vindicate

  • 1 Vindicate — Vin di*cate, v. t. [imp. & p. p. {Vindicated}; p. pr. & vb. n. {Vindicating}.] [L. vindicatus, p. p. of vindicare to lay claim to, defend, avenge. See {Vengeance}.] 1. To lay claim to; to assert a right to; to claim. [R.] [1913 Webster] Is thine… …

    The Collaborative International Dictionary of English

  • 2 vindicate — I verb absolve, account for, acquit, clear, declare innocent, discharge, dismiss, exculpate, excuse, exonerate, give good reasons for, justify, pardon, probare, pronounce not guilty, purgare, release, relieve of burden, reprieve, set free II… …

    Law dictionary

  • 3 vindicate — (v.) 1620s, to avenge or revenge, from L. vindicatus, pp. of vindicare (see VINDICATION (Cf. vindication)). Meaning to clear from censure or doubt, by means of demonstration is recorded from 1630s. Related: Vindicated, vindicating …

    Etymology dictionary

  • 4 vindicate — 1 justify, defend, *maintain, assert Analogous words: *support, uphold, advocate 2 exonerate, *exculpate, absolve, acquit Analogous words: *disprove, refute, confute: * …

    New Dictionary of Synonyms

  • 5 vindicate — [v] prove one’s innocence absolve, acquit, advocate, argue, assert, bear out, claim, clear, confute, contend, corroborate, defend, disculpate, disprove, do justice to, establish, exculpate, excuse, exonerate, extenuate, free, free from blame,… …

    New thesaurus

  • 6 vindicate — ► VERB 1) clear of blame or suspicion. 2) show to be right or justified. DERIVATIVES vindication noun. ORIGIN Latin vindicare claim, avenge …

    English terms dictionary

  • 7 vindicate — [vin′də kāt΄] vt. vindicated, vindicating [< L vindicatus, pp. of vindicare, to claim, avenge < ? vim, force (see VIM) + dicere, to say: see DICTION] 1. to clear from criticism, blame, guilt, suspicion, etc.; uphold by evidence or argument… …

    English World dictionary

  • 8 vindicate — vindicator, n. /vin di kayt /, v.t., vindicated, vindicating. 1. to clear, as from an accusation, imputation, suspicion, or the like: to vindicate someone s honor. 2. to afford justification for; justify: Subsequent events vindicated his policy.… …

    Universalium

  • 9 vindicate — verb a) To clear from an accusation, suspicion or criticism. to vindicate someones honor b) To justify by providing evidence. to vindicate a right, claim or title See Also: vindication …

    Wiktionary

  • 10 vindicate — v. (B) ( to justify ) can you vindicate your actions to us? * * * [ vɪndɪkeɪt] (B) ( to justify ) can you vindicate your actions to us? …

    Combinatory dictionary

  • 11 vindicate — UK [ˈvɪndɪkeɪt] / US [ˈvɪndɪˌkeɪt] verb [transitive] Word forms vindicate : present tense I/you/we/they vindicate he/she/it vindicates present participle vindicating past tense vindicated past participle vindicated a) to prove that someone is… …

    English dictionary

  • 12 vindicate — [16] Latin vindex meant ‘claimant, defender, avenger’. From it was derived vindicāre ‘claim, defend, revenge’, which gave English vindicate, as well as (via French) avenge [14], revenge [14], and vengeance [13]. Vindicāre in turn formed the basis …

    The Hutchinson dictionary of word origins

  • 13 vindicate — verb (T) formal 1 to prove that someone or something is right or true; justify: vindicate an idea/method/decision Your decision not to resign has been fully vindicated. 2 to prove that someone who was blamed for something is in fact not guilty:… …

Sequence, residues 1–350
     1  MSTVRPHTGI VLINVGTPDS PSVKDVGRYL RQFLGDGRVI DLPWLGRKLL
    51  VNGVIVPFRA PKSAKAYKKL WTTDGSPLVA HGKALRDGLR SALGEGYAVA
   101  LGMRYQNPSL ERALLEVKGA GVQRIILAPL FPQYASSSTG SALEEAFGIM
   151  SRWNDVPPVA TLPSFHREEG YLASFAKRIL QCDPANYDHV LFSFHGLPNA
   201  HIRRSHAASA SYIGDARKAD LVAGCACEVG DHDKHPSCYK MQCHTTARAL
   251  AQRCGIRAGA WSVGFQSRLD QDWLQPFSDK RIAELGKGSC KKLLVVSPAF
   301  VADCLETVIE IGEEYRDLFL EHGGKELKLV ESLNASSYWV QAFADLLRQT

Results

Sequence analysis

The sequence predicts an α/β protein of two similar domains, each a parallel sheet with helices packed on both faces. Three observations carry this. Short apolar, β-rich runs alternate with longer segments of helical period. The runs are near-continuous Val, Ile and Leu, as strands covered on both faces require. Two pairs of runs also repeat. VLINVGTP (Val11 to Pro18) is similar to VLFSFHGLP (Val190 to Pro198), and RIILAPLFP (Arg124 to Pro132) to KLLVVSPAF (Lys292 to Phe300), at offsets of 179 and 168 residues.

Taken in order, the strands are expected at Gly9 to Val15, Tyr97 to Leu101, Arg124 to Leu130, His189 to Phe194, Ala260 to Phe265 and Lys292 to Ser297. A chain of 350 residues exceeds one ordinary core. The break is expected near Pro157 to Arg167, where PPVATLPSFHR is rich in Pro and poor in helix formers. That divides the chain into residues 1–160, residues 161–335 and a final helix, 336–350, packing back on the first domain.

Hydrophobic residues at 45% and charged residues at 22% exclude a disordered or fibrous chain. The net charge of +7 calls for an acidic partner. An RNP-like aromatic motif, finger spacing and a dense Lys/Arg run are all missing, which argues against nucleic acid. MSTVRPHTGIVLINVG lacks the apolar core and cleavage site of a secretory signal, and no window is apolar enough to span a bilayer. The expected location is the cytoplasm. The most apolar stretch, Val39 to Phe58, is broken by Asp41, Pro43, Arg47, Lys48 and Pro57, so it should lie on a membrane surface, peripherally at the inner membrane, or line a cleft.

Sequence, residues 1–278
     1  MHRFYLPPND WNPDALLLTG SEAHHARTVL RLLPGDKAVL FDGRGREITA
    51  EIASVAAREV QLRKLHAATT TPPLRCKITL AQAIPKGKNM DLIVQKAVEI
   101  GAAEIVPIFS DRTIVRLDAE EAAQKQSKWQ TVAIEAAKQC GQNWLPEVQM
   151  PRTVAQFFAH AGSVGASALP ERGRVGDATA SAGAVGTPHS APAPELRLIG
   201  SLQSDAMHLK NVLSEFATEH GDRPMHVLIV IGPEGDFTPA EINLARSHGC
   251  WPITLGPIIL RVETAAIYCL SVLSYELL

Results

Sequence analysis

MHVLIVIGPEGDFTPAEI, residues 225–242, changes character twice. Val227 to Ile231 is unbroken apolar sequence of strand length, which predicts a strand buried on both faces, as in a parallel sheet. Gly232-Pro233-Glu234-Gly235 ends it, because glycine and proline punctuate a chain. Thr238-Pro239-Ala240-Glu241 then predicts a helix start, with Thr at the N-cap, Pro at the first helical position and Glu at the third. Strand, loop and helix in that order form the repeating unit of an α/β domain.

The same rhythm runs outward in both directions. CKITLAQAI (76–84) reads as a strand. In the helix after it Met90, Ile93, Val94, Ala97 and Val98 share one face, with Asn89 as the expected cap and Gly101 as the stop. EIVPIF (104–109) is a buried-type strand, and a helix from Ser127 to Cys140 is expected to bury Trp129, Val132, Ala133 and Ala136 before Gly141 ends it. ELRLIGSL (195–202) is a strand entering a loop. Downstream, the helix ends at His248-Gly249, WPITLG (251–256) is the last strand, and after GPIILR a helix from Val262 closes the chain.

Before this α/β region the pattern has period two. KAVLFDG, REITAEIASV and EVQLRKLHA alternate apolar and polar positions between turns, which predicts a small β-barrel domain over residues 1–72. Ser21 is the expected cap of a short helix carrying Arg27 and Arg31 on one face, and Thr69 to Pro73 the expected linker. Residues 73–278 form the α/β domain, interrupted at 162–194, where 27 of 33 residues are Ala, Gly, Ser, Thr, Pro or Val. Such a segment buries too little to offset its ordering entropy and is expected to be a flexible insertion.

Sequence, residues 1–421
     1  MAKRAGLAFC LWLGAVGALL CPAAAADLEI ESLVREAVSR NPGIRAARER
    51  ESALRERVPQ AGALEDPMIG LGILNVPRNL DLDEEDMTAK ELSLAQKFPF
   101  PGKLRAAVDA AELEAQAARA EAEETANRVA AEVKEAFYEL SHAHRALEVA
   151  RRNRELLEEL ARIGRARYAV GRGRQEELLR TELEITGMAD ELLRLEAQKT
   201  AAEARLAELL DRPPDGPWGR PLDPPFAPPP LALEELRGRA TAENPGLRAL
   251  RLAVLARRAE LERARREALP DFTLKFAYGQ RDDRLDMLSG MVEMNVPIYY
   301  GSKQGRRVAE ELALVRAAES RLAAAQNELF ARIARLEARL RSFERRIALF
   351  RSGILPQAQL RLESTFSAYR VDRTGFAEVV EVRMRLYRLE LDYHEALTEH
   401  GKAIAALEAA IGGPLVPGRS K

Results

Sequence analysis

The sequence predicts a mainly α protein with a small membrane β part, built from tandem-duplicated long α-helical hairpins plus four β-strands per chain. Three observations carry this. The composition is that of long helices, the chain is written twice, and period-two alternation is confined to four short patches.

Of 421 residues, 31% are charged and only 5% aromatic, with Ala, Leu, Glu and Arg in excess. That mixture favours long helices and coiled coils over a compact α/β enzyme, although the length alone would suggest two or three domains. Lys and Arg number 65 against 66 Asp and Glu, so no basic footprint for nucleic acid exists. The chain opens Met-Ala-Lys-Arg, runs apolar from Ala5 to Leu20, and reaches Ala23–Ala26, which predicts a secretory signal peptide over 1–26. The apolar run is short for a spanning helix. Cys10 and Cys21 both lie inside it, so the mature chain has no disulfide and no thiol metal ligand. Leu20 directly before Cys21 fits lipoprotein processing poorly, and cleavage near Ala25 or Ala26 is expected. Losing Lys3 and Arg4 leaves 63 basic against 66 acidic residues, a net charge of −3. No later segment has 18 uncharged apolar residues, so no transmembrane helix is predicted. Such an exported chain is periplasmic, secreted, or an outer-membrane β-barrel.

Longman dictionary of contemporary English

  • 14 vindicate — vin•di•cate [[t]ˈvɪn dɪˌkeɪt[/t]] v. t. cat•ed, cat•ing 1) to clear, as from an accusation or suspicion: to vindicate someone s honor[/ex] 2) to afford justification for; justify 3) to uphold or justify by argument or evidence 4) to maintain or… …

    From formal English to slang

  • 15 vindicate — [16] Latin vindex meant ‘claimant, defender, avenger’. From it was derived vindicāre ‘claim, defend, revenge’, which gave English vindicate, as well as (via French) avenge [14], revenge [14], and vengeance [13]. Vindicāre in turn formed the basis …

    Word origins

  • 16 vindicate — transitive verb ( cated; cating) Etymology: Latin vindicatus, past participle of vindicare to lay claim to, avenge, from vindic , vindex claimant, avenger Date: circa 1571 1. obsolete to set free ; deliver 2. avenge 3 …

    New Collegiate Dictionary

  • 17 VINDICATE — vascular, inflammatory/infectious, neoplastic/neurologic/psychiatric, degenerative/dietary, intoxication/idiopathic/iatrogenic, congenital, allergic/autoimmune, trauma, endocrine/metabolic [differential diagnosis mnemonic] …

    Medical dictionary

  • 18 vindicate — Synonyms and related words: absolve, account for, acquit, advocate, amnesty, argue, assert, bear out, claim, clear, confute, contend, cry sour grapes, decontaminate, defend, destigmatize, discharge, dismiss, dispense from, disprove, do justice to …

    Moby Thesaurus

  • 19 vindicate — I (Roget s IV) v. 1. [To clear] Syn. acquit, free, absolve; see absolve , excuse . 2. [To defend] Syn. plead for, second, support; see defend 3 . 3. [To justify] Syn. prove, bear out, warrant; see justify 2 . See Synonym Study at absolve . II… …

    English dictionary for students

  • 20 vindicate — vin|di|cate [ˈvındıkeıt] v [T] formal [Date: 1500 1600; : Latin; Origin: , past participle of vindicare to claim, avenge , from vindex person who claims, avenger ] 1.) to prove that someone who was blamed for something is in fact not guilty ▪ The …

    Dictionary of contemporary English